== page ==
The Nether-World

February 16, 2007

The Fallout Over Rendition Grows

Filed under: European Politics, Terrorism, Torture — netherworld @ 7:41 pm

Following the vote in the the EU Parliament which saw the approval of the MEPs report into CIA abductions and renditions, Italy, which came in for heavy criticism (as did Britain), is taking some action.

An Italian judge has ordered 26 US citizens – most of them CIA agents – to stand trial over the kidnap of an Egyptian cleric in Milan in 2003.

Osama Mustafa Hassan was allegedly seized by the CIA and flown to Egypt, where he says he was tortured.

Seven Italians were also indicted, including Italy’s ex-military intelligence chief, Nicolo Pollari.

The case would be the first criminal trial over the secret US practice known as “extraordinary rendition”.

Not only will this be the first trial over rendition, it will also be the biggest ever trial of US intelligence agents in an allied country. The trial is due to begin on June 8 and the American suspects are likely to be tried in absentia as they are believed to have fled the country including Robert Seldon Lady, the former station chief of CIA operations in Milan, who has abandoned his Italian villa and says he was over-ruled in his opposition to the Kidnap. He also says (through his lawyer) that he does not recognise the court.

One Italian policeman has already been jailed for 21 months for stopping the cleric in order for the CIA to abduct him. His reduced sentence was part of a plea-bargain. According to him, the CIA said that they were trying to recruit Omar and that the operation had the approval of the US and Italian governments. Nicolo Pollari is trying to hide behind the Italian state secrets act and so is not co-operating with the court apart from insisting that Italian military intelligence did nothing wrong. The Italian government has yet to seek the extradition of the US citizens and it will be interesting to see if it does and what reaction it will get from the US authorities who, as we know, are always keen to uphold the rule of law. Somehow I doubt it will happen. Osama Mustafa Hassan however, despite risking prosecution for terrorism charges, wants to return to Italy as a refugee and testify against Berlusconi and his administration. He was released from Egyptian custody when the authorities there decided they had no reason to hold him.

What is interesting about this case is that it looks like being the first of many prosecutions around Europe. Germany, Spain, Portugal, Switzerland and Romania are all conducting investigations. Unsurprisingly, the UK is not conducting any investigation, but then Tony Blair has yet to acknowledge that there is any such thing as extraordinary rendition.

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November 29, 2006

Britain Accused Of Collusion With CIA In Draft European Parliament Report On Torture Flights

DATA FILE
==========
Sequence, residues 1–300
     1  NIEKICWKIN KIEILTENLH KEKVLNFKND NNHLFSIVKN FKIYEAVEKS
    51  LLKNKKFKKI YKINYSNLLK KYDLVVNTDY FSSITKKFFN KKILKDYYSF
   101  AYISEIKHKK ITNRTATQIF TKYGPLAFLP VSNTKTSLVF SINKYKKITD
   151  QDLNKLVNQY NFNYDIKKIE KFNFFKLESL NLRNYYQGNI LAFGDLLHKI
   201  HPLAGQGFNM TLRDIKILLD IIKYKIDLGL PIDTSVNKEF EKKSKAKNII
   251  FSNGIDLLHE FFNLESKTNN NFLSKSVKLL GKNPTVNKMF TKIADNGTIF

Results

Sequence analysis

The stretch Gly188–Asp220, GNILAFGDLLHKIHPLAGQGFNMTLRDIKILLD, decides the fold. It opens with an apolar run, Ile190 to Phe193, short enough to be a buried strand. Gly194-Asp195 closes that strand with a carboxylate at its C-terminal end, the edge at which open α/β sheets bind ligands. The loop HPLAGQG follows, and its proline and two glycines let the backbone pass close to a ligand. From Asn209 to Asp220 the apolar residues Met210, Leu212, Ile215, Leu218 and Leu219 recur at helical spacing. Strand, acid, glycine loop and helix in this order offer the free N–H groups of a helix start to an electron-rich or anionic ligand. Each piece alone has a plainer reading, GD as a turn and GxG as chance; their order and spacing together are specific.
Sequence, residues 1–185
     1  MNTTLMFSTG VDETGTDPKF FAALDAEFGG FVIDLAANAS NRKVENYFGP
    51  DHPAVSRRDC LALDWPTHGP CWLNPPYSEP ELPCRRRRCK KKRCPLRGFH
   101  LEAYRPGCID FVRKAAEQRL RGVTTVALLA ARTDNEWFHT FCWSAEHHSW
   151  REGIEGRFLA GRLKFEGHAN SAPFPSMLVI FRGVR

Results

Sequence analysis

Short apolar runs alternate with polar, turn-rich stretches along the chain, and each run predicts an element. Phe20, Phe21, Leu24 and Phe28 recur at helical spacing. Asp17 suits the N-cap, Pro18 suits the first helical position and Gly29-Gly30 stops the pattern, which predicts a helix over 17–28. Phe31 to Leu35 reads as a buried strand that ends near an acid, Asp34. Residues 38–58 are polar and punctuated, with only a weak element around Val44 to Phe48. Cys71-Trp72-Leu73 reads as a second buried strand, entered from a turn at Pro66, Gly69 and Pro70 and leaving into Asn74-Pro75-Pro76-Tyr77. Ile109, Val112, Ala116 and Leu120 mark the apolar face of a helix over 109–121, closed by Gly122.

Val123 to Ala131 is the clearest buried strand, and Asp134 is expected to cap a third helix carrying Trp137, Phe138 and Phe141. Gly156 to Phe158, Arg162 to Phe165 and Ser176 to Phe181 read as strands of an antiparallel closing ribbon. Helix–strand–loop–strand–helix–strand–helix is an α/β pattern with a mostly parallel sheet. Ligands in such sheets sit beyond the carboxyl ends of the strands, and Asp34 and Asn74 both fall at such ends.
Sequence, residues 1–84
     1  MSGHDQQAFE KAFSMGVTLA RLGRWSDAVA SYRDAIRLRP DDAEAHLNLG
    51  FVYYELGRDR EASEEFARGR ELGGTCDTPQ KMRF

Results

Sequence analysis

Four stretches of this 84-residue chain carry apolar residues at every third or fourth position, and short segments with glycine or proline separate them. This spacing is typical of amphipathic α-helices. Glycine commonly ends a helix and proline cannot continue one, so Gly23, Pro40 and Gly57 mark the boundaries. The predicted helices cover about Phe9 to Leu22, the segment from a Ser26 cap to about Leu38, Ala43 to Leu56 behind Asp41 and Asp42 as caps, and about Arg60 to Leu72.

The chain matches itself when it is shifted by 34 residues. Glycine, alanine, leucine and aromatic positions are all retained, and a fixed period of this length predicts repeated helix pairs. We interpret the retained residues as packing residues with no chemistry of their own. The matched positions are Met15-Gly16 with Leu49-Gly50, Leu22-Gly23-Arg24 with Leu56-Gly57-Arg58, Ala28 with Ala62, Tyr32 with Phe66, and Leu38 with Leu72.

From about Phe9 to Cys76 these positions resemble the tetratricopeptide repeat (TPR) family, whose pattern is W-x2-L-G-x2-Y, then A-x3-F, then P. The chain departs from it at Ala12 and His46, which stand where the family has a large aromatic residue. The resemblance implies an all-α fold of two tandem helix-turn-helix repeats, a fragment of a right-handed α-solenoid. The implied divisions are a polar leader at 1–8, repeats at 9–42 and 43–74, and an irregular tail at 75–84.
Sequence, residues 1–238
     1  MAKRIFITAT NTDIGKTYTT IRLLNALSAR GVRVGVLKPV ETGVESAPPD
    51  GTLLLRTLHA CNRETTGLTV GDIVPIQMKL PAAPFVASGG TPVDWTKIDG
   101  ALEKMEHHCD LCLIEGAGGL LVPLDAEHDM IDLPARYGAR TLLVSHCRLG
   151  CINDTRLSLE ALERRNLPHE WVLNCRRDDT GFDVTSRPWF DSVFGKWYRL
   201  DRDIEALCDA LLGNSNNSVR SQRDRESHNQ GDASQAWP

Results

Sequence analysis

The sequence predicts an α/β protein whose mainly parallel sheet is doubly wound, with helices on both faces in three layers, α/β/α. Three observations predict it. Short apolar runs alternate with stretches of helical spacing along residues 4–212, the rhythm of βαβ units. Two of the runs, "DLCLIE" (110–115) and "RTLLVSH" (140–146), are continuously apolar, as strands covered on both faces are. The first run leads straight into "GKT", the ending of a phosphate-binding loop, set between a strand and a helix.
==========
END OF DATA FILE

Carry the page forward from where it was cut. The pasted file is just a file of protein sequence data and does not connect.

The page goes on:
Filed under: Bliar, European Politics, Rendition, Torture — netherworld @ 4:59 am

If Tony Blair thought the issue of Extraordinary Rendition was going away, he must be pretty disappointed. The draft report on extraordinary rendition following the investigation by MEPs has shown that Britain has allowed 170 secret CIA torture flights, second only to Germany’s whopping 336 flights out of at least 1,245 flights in European territory. Ten countries are accused of allowing stopovers. They are:

  • Germany 336
  • Britain 170
  • Ireland 147
  • Portugal 91
  • Spain 68
  • Greece 64
  • Cyprus 57
  • Italy 46
  • Romania 21
  • Poland 11

The report condemns many EU nations saying that they were aware renditions were taking place and failed to co-operate with the investigation. I reported earlier on Geoff Hoon’s unhelpful and evasive behaviour during the investigation.

Giovanni Claudio Fava’s draft report “deplores” the level of co-operation Geoff Hoon, the Europe Minister, gave the MEPs, and condemns the rendition of one British citizen and three British residents, two of whom were said to have been seized on the basis of “partly erroneous information supplied by the UK security service MI5”.

There are now likely to be more demands for a full parliamentary inquiry into the practice of extraordinary rendition by MPs following this draft report which shows that there were far more rendition flights than have previously been admitted by the Government.

Poland has come in for particular criticism because there is good circumstantial evidence that one of the ‘Black sites’ that President Bush has acknowledged exist is located in the Polish intelligence training centre at Stare Kiejkuty. Romania too has been similarly accused. Both countries have declined to make any further statements after their denials last Summer. The Bush administration, despite admitting the existence of ‘black sites’ and the reality of extraordinary rendition, continues to deny that it authorises and participates in torture. The evidence supplied by Khaled el-Masri and others makes a mockery of those denials. Blair’s government too has now been shown to have at least been complicit in torture.

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